One date, three locations: Bastille Day across France
- Credit: Archant
France is in a celebratory mood this month as it commemorates the storming of the Bastille in Paris, but the festivities go much further than the French capital, as Ben Palfreyman discovers
Bastille Day. La Fête Nationale. Le quatorze juillet. Three names, one day: the biggest, loudest, oldest party in Europe. Commemorating the storming of the Bastille in 1789, this annual celebration on 14 July remembers the pivotal event in the anti-monarchy revolution when a rebel mob forced its way into the ancient prison to take hold of the arms and ammunition stored there, as well as release seven political prisoners.
One year later, the French held a celebration they called the Fête de la Fédération and it is from this event that many of the modern-day festivities originate, including the military parade and evening balls.
With celebrations taking place throughout the world – including London’s famous street party at Borough Market – the centre for the French national holiday is, of course, in Paris, which kicks off with the military parade along the Champs-Elysées. The day continues with ‘fireman’s balls’ in the city’s fire stations, and fireworks are launched off the roof of the Trocadéro. To enter into the spirit of things, the Louvre opens its doors for free on 14 July, while the Palais Garnier stages a free concert known as the Opéra Bastille.
While many millions of revellers make their way into the French capital for Bastille Day, we have scoured the country for three of the best alternatives.
For the residents of Carcassonne in Languedoc-Roussillon, festivities aren’t merely confined to 14 July. Instead, the entire month is given over to the Festival de la Cité, a non-stop riot of dance, theatre, circus and music.
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The high point, however, is the hugely impressive fireworks show on Bastille Day, which sees around 700,000 visitors and locals descending on the city for the €100,000 spectacle above the magnificent ramparts of the medieval fortress.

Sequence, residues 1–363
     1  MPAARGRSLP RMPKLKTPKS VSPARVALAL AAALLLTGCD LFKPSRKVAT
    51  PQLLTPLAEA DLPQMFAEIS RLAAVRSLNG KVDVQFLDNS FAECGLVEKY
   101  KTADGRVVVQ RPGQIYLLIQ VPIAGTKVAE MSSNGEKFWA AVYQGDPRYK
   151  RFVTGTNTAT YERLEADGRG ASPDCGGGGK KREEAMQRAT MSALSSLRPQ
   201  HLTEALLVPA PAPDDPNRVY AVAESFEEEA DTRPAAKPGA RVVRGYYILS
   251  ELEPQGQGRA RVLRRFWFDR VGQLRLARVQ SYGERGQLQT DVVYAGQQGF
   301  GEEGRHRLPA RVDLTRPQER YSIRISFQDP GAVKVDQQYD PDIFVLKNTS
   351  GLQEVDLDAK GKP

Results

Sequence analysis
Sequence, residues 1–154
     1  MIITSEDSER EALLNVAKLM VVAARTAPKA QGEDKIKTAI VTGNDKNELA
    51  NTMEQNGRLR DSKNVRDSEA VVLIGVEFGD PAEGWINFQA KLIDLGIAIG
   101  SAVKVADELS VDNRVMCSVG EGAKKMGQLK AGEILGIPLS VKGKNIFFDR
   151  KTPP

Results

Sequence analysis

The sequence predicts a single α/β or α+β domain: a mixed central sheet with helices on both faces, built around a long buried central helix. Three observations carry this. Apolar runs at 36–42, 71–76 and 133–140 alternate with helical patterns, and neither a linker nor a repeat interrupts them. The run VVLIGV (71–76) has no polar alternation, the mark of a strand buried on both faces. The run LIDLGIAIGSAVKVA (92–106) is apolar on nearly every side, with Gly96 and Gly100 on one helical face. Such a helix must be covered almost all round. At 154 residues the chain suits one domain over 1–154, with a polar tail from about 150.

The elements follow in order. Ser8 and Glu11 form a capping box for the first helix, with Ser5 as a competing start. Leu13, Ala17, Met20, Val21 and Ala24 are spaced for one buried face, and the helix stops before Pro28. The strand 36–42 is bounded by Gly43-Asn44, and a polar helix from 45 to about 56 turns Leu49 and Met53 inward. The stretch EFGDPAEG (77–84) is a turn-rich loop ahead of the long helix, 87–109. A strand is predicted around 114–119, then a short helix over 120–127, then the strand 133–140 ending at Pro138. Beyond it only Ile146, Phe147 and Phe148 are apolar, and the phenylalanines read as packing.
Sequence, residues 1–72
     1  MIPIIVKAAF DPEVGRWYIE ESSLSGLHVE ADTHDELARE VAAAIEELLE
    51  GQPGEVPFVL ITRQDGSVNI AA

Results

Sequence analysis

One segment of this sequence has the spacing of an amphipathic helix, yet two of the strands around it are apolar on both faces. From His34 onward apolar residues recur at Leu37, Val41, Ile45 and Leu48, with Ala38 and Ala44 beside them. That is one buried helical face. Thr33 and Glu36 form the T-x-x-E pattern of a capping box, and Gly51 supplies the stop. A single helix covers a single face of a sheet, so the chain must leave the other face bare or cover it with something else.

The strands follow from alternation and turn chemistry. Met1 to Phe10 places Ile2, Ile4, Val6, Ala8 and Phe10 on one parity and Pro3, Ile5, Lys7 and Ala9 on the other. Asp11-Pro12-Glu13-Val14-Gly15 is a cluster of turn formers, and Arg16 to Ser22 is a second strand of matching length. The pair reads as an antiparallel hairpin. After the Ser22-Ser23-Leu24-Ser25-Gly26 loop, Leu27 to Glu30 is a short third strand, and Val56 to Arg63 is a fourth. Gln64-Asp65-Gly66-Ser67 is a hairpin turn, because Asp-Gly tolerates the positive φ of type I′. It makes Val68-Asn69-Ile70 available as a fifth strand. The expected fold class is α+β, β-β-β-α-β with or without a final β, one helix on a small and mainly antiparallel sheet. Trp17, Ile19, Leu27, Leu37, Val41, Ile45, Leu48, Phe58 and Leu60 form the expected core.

The most popular places to view the incredible display are along the banks of the river, with the Pont Vieux and Pont Neuf bridges considered the best spots to set up a base. To ensure a good spot, you have to arrive at least six hours before the sun sets and the first firework is launched above the UNESCO World Heritage Site. During the 25-minute display, the medieval fortifications are made to look like the entire city is on fire, in part commemorating the original burning of the city in 1898. It culminates in 1,200 charges detonated over the 600 metres of the city’s façade in just six seconds.
If drama, history and a fête-fuelled community is what you’re looking for, then Carcassonne could be an ideal place for you to start living your French dream. Situated in the southern department of Aude, the city is surrounded by pretty villages and sunny vineyards, and boasts many interesting historic sites for you to explore.
Surprisingly, property prices in the Carcassonne sector are very attractive, with the average resale property price coming in at €120,000 according to Notaires de France figures, compared to the national average of €160,000. While the average price in the Aude department is higher at €135,000, due to the higher prices demanded in the towns on the Mediterranean coastline to the east of the department, this is still significantly below the national average.